We encourage prospective students to visit the School of History and Sociology and Georgia Tech and to meet in person with Professor Winders, other relevant faculty, and current graduate students. To arrange a visit, please contact Dr. Winders or the HSOC graduate program advisor, ladonna.bowen [at] hsoc.gatech.edu (LaDonna Bowen). HSOC offices and classrooms are located in Tech’s Old Civil Engineering Building (221 Bobby Dodd Way).

The status of your application may be checked online via the Graduate Admissions homepage.

Curriculum & Advising

Program Requirements

The master's program includes a series of foundation courses as well as more specialized reading and research seminars. Though a thesis is not required, the program emphasizes analytical and communications skills, gained through a methods course and a paper involving original research.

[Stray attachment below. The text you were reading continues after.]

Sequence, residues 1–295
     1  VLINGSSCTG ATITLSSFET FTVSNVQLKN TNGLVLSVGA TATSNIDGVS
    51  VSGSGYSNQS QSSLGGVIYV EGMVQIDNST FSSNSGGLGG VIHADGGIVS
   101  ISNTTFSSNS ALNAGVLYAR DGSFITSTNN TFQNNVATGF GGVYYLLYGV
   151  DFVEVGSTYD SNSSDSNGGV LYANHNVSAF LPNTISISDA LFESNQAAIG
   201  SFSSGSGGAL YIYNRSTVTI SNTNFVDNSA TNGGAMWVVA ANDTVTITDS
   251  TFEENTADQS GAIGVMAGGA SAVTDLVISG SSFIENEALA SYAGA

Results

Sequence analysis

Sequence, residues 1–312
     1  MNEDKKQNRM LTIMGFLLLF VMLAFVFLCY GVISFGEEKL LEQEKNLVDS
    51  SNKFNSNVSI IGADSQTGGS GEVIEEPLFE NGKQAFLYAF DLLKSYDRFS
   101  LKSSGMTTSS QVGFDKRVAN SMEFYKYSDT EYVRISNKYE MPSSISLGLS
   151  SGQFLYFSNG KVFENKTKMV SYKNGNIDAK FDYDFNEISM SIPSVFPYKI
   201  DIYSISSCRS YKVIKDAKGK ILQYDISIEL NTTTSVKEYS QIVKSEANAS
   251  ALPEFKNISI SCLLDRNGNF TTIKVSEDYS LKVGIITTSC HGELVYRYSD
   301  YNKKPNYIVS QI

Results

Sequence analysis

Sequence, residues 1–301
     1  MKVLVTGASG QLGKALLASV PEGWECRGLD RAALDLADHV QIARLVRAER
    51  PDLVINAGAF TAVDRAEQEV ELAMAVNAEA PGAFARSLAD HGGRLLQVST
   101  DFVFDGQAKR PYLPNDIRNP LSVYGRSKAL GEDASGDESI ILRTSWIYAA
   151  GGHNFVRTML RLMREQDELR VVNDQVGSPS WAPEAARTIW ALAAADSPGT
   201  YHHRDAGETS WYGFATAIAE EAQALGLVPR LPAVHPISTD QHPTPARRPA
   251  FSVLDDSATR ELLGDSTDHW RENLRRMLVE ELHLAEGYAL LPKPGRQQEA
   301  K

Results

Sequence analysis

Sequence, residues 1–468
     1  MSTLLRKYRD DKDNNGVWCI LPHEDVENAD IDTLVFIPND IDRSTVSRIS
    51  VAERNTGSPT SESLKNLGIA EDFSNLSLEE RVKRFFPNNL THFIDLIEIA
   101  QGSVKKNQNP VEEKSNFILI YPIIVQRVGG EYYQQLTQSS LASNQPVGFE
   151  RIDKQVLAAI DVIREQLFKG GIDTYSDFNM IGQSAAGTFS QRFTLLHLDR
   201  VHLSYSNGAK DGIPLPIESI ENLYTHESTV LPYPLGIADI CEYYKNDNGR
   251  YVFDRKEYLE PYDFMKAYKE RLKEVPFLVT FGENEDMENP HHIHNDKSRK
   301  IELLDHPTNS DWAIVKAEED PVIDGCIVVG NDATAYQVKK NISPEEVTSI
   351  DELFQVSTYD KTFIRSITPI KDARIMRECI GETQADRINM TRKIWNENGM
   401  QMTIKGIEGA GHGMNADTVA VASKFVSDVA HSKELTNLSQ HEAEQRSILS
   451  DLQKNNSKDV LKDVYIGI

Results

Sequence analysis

At present, a minimum of 30 semester hours are distributed as follows:

  • HTS 6001 Social Theory (3 hours)
  • HTS 6002 History of Technology (3 hours)
  • HTS 6743 Science, Technology and Society (STS): Core Seminar (3 hours)
  • HTS 7001 Foundations of Socio-Historical Analysis (3 hours)
  • 18 additional hours, including at least 12 hours within HTS
  • Note that up to six of these additional hours may be awarded as credit for independent study or for directed readings with individual professors. Students routinely receive three hours of independent study credit for completion of the required original research paper. Those pursuing sufficiently rigorous research agendas may receive as many as three additional hours; students who write two papers may receive three credit hours for each.
  • Beyond the thirty hours, students are free to enroll in a mix of independent studies, special topics, and other courses as they and their advisors see fit.